Cibophobia is the phobia where sufferers fear food. Cibophobics are generally afraid of undercooked or overcooked foods, unsanitary food preparation, and food served past the expiration date. This isn’t quite the same but is pretty close to an eating disorder that I see in bariatric patients. The first year after weight loss surgery is a year of carefully following a nutritionist’s diet and eating guidelines. Once the patient moves into the second year they generally become more lax. It’s at that point that the fear of eating raising its ugly head.
Do you recognize some of these signs of bariatric fear of eating? You are uncomfortable in a restaurant or dining out at a friend’s house. You avoid your favorite foods for fear of overeating. You limit yourself to a “safe” diet with a limited variety of food and food that is not common, on-the-shelf items. These are just a few of the common behaviors that I have observed in longer term post-op bariatric patients.
Reading the above scenarios do ring true to a certain extent. It’s only natural to fear slipping back into your pre-op routine and watching the weight gradually reappear. It’s at the one year point that most people see their weight loss dwindle to a trickle or stop. A single digit weight gain or loss puts many a post-op patient into distress.
One year post-op is the time that we become more complacent with our weight loss and new lives. One casualty of this complacency is becoming more lax in diet, exercise, and following bariatric post-op living principles we learned from our surgeons. We challenge the tools that the surgery gave us. I can tell you that I know my Lapband well and can play it like a fine violin. After a year, I knew how to cheat it and eat around the band.
You need to understand that obesity is a disease. Your surgery did not make this disease go away. Your surgery was the tool that helped your weight go away. It is only you that can make the disease go into remission (It never goes away.). The good eating habits, proper diet guidelines, everyday exercise routines, and healthily living guidelines you learned are what really made you a success to this point. Believe me, you need to monitor these and battle weight gain every day.
Fear of food happens when your new life is confronted with those old friends from your old life. For me, it’s that juicy half pound cheeseburger, the Panera Cinnamon Crunch Bagel, bag of Hershey Kisses, and anything on the Bucca di Beppo menu. You most likely have your own trigger foods. We fear them because after our year of dietary education we know that they were instrumental in leading down the road to obesity.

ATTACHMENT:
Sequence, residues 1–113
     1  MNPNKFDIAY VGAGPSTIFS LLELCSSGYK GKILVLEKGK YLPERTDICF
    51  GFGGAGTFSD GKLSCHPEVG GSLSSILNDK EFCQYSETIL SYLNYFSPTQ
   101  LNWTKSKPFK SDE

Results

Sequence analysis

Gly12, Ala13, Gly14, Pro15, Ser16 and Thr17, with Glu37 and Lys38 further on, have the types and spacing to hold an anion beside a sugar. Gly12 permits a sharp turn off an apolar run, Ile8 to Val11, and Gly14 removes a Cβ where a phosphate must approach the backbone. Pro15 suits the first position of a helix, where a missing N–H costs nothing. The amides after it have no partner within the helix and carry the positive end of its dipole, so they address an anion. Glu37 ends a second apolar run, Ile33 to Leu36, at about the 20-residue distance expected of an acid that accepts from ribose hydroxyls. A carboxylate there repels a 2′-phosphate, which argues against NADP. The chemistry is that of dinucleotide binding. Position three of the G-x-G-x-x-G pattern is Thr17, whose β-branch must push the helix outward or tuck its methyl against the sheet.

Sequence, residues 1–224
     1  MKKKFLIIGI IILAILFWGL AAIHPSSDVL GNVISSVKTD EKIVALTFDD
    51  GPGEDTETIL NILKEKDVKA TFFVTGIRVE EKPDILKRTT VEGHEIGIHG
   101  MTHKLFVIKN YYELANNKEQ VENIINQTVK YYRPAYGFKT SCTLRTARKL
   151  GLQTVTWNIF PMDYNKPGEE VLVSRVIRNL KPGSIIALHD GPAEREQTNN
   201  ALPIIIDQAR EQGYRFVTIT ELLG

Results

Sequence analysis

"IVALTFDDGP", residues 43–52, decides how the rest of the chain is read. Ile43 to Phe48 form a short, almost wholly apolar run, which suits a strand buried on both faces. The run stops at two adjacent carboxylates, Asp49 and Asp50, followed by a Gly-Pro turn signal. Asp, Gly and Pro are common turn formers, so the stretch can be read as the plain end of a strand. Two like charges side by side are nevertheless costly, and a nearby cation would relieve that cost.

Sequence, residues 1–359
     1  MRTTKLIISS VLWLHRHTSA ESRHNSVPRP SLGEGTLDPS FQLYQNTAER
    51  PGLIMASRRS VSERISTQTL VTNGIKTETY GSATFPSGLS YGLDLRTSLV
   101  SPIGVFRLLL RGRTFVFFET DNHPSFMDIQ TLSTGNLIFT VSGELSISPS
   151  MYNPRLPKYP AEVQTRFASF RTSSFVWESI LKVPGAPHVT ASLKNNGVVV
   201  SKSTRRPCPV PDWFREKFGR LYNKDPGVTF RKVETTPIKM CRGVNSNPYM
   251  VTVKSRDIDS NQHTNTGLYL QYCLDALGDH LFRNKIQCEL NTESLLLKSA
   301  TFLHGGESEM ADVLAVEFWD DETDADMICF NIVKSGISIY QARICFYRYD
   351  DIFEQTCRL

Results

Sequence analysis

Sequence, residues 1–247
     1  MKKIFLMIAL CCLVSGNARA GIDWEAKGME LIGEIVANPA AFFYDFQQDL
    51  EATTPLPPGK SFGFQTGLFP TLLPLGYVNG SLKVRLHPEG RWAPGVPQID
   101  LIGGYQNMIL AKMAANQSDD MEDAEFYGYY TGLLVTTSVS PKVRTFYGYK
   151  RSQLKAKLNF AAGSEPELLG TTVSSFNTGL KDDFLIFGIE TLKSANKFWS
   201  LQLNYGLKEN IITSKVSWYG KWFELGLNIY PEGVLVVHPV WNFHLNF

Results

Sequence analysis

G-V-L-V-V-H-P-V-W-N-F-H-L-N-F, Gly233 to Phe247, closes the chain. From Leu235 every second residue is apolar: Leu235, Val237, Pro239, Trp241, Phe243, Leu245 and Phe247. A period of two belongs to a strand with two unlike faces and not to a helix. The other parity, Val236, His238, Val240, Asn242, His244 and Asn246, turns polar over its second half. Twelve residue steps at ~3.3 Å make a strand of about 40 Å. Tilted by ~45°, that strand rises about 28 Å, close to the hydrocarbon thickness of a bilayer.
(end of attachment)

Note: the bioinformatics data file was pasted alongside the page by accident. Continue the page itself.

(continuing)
How do you personally confront this fear? I take it head-on. If friends are going to Panera, Bucca di Beppo or Five Guys, I go along. They may not be my choice of a restaurant today, but I know they are many peoples’ choice. I have learned I need to learn how to order and eat in these establishments. I have found that there are good menu choices in almost all restaurants. I now make careful choices and usually take half of my meal home.
Don’t let the fear of eating take you hostage. Make a commitment to eat a healthy diet that follows the bariatric dining guidelines. If you are like me, you will cheat now and then. Keeping the cheating to a minimum is the task you need to master. You might eat a few Hershey Kisses once in a blue moon. If you are buying bags of them on a regular basis then you definitely need to rewind, recommit to your bariatric diet, and follow the rules.
Taking this fear and turning it into a lesson is a key to your ongoing success. If you fall off the wagon, get back on and keep on driving forward. Use the lessons from your past to keep you on track. Enjoy life and be happy. Happiness involves friends and socializing. This means that you will be put into awkward dining situations where menus are loaded with cheesy, deep fried, frosted and drenched in butter selections. Remember your first year post-op lessons and make the right choices. Let that fear feed your success.